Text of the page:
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Benefits and Risks of SIP Services: What Every Channel Partner Should Know


Suzanne RosatoBy Suzanne Rosato

There is an increasing trend toward enterprise clients adopting Session Initiated Protocol (SIP) services. It is likely that by the end of this year, SIP will be the most commonly deployed trunking service behind T1s. Most of the discussion in the telecom industry surrounding SIP trunking has been focused around the benefits SIP offers for enterprises. While most are focused on SIPs potential to save organizations money, SIP services also offer enterprises a number of benefits including convergence, ease of administration, enhanced end-user functionality (voice, video, presence and messaging) and integration with IP networks. So if youve been asked recently if SIP trunking is right for a company, its important to review the companys infrastructure and analyze their needs and objectives before making the decision. To help you decide, here are further details on the benefits and risks companies may encounter if they use SIP trunking.

Equipment

If an organization has smaller satellite offices, there is potential to access a central PBX and eliminate the need for PBX switches in those smaller offices. If the client conceptually understands that SIP calling is free” inside of the cloud,” then the company can begin to understand how a central PBX might be shared with remote locations in an economical fashion. In addition to simplifying management and administration, this scenario provides for a homogenous end-user experience relative to features and functionality. There may also be savings associated with the SIP edge device as compared to traditional TDM trunk cards in the PBX. This is because the SIP edge device can support more simultaneous conversations.

Voice Usage Costs

When a call can be completed without accessing the PSTN, it does not incur usage costs. However, it is important to remember that if your customer is using VoIP, the potential for additional savings decreases with a migration to SIP. The exception to the rule is in cases where another SIP client with similar hardware enables the calls to be completed without accessing the PSTN. Most managed SIP services include unlimited local calling and some bundle of minutes for a monthly recurring fee. There usually is no distinction between intrastate and interstate minutes. Nevertheless, international and other types of calls (i.e., Directory Assistance), are charged at separate SIP rates,” which may be more expensive than negotiated TDM rates for similar types of calls.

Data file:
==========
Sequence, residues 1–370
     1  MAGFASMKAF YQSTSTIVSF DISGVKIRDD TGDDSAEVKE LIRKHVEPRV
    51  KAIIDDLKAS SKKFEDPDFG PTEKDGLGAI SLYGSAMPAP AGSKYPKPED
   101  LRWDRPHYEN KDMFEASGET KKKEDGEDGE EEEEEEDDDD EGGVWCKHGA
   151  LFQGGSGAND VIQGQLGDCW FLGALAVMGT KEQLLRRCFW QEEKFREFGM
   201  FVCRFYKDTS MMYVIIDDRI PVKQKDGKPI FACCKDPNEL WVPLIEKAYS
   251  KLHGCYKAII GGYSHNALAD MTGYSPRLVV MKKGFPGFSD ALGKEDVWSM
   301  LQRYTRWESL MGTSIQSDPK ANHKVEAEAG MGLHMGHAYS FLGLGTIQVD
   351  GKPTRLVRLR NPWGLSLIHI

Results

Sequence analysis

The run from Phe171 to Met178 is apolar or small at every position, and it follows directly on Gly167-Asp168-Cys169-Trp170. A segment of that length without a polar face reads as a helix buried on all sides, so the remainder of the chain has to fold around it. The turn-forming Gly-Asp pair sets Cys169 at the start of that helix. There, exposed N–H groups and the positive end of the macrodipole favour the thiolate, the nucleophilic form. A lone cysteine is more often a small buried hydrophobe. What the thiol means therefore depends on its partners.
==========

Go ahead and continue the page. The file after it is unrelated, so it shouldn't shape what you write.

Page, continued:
Shorter haul calls may be an additional source of savings if the ITSP has an egress point close enough to the receiving party. In this case, a call is local once it transfers onto the PSTN, given that a number of SIP offerings include unlimited voice usage. This is called local breakout” and can be applied in a scenario where a call from the U.S. travels via the SIP cloud to a SIP terminating point in an international country. When the call completes via the public network in the foreign country, it appears to be an intra-country call and usage will be rated on that basis.

Bandwidth

Another source of savings comes with the physical connection or SIP trunk. SIP equipment providers are fond of advertising the elimination of your local services lines.” While SIP trunks can replace business lines, it is important to recognize that there is a monthly recurring charge associated with SIP trunks. There may be a need to retain business lines for alarms, fax or 911 functionality. In some cases, the costs for the SIP trunk varies based on the facility. For example, fiber, cable or Internet can be used it simply needs to connect to the ITSP. In addition, a SIP trunk may not be subject to the same taxes and fees as a traditional line, although the specifics will vary by provider and state. One of the reasons for the excitement surrounding SIP trunking is the better use of bandwidth for simultaneous conversations. For example, the upper limit on a T1 (not sharing Internet traffic) is about 50 concurrent calls, while the limit for a PRI is 23. This also means that an organization can add conversation capacity” linearly rather than insert an additional PRI with 23 lines when capacity is needed for the 24th” conversation. In the SIP environment, an additional conversation is added by changing the bandwidth allocation or buying additional software licenses from the SIP managed service provider.